Dark Clouds on the Crime Front : Big trouble might arrive with a big new generation of often troubled youngsters

With alarm about crime running high in America, it may come as a surprise that the latest FBI Uniform Crime Report shows the overall crime rate fell again last year. Violent crime--including murder, rape, robbery and assault--mirrored the trend, declining to its lowest level since 1989.

The statistics, based largely on data compiled by state and local police agencies, show serious crimes down 4% from 1993. In nine cities of more than 1 million population, including Los Angeles, the rate fell 8%. The Los Angeles figure fell 13%.

Yet despite this encouraging news, officials from law enforcement, the criminal justice system and governments here and around the nation are justifiably concerned that these declines represent the proverbial calm before the storm. The tempest in this case is a large new generation of often disaffected, disenfranchised and increasingly well-armed youths. Crime tends to grow when there are large numbers of young people relative to the rest of the population.

FBI Director Louis J. Freeh surely echoed the sentiments of many Americans when he said there was little solace to be found in the crime report’s numbers, especially when they included 23,000 murders last year. Not only were the overall reductions modest, but the wide presence of violent crime perpetrated by an “increasingly growing and violent juvenile population” was cause for fear, he pointed out.


Indeed, several crime categories, particularly those related to juvenile gun violence, have soared. Since 1989, for example, U.S. gun homicides among those under 18 have increased by a staggering 143%. Juveniles arrested on weapons-related charges from 1985 to 1993 doubled, to 61,000.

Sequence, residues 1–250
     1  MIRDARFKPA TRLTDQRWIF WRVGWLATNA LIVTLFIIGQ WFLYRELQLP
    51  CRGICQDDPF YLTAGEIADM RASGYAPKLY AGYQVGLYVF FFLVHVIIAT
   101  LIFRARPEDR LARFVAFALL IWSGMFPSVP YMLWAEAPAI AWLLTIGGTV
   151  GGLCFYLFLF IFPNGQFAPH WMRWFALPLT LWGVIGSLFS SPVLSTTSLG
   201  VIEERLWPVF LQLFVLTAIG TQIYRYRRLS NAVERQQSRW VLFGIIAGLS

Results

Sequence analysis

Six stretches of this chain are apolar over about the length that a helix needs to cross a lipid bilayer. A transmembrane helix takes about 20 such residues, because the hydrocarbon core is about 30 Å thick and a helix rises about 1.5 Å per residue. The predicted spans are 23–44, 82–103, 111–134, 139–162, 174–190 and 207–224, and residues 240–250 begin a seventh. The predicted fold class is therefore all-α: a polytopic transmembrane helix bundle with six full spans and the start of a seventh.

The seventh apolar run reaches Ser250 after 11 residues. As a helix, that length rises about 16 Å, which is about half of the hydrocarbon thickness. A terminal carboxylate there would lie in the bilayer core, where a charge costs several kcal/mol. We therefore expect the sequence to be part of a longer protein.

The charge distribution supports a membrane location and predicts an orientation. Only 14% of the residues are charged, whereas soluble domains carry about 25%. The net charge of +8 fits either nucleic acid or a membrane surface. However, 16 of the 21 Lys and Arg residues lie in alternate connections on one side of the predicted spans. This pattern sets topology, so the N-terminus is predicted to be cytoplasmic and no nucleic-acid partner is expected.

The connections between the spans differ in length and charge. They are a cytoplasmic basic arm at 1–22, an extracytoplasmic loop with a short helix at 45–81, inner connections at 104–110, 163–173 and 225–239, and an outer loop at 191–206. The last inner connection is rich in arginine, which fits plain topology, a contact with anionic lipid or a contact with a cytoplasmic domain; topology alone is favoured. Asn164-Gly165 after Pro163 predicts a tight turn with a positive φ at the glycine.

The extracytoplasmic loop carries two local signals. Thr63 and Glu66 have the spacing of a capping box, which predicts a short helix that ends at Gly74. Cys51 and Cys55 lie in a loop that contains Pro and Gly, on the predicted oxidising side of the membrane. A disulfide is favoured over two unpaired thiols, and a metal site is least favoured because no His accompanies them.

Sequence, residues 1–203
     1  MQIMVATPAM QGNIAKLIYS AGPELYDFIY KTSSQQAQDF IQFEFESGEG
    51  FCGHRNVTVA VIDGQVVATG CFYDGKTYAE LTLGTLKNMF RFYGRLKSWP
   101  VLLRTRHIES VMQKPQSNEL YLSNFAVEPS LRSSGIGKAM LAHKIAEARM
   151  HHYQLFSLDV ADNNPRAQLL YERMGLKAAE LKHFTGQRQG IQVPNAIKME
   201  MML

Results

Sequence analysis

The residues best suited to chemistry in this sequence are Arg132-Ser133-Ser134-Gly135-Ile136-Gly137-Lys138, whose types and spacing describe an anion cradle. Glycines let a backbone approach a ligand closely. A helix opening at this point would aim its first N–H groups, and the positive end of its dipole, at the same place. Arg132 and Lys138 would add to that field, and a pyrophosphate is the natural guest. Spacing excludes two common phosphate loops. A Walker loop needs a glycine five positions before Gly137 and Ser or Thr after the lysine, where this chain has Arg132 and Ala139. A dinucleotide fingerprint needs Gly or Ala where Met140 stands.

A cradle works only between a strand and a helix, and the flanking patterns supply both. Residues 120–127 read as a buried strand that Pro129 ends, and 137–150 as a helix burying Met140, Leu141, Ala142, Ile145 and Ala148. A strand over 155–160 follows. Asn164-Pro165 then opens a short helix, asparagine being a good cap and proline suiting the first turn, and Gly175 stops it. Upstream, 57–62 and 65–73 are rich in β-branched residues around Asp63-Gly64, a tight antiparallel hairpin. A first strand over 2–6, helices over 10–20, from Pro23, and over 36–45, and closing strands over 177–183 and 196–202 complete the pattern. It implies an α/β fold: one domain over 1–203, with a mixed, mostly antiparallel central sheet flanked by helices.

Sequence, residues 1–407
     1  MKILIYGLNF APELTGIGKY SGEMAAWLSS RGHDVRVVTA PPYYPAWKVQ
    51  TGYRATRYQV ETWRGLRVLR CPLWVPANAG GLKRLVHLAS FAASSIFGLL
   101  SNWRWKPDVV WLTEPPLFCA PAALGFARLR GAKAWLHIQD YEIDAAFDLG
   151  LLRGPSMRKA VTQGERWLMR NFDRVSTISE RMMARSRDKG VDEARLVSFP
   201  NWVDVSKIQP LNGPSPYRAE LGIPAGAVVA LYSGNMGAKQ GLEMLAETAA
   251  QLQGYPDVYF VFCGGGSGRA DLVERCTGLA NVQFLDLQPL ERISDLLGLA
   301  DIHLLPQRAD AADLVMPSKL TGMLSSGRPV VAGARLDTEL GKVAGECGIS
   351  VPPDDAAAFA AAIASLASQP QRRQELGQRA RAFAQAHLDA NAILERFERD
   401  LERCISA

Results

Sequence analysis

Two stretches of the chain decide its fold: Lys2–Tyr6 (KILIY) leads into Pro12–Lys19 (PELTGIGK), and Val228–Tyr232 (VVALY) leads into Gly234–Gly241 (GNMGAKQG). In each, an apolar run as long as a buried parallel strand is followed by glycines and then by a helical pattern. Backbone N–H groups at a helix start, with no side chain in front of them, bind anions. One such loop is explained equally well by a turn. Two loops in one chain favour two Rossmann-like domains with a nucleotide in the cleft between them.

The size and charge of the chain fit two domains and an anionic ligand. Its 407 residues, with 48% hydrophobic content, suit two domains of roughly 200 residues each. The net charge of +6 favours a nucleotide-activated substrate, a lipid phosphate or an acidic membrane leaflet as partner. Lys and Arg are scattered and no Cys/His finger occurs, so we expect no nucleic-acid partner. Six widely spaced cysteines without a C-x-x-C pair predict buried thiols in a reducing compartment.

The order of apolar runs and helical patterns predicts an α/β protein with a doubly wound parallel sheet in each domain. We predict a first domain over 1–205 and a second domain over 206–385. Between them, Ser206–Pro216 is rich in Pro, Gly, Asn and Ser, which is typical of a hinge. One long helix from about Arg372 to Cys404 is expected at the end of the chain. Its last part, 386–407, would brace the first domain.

A recent report by the California state legislative analyst’s office sounded a similarly ominous chord. The juvenile violence arrest rate in California has climbed 53% since 1985. And the state report predicted that youth crime would increase by 29% over the next decade even if arrest rates stayed the same.

Clearly the rising number of violence-prone youngsters, the wide availability of firearms (particularly cheap handguns) and what Freeh called the deterioration of “structures that guarantee safe communities and families” are prime factors fueling a youth crime boom.

Time remains for federal, state and local governments to stay ahead of the next wave with appropriate policy prescriptions. Let’s keep kids off the streets and guns out of their hands.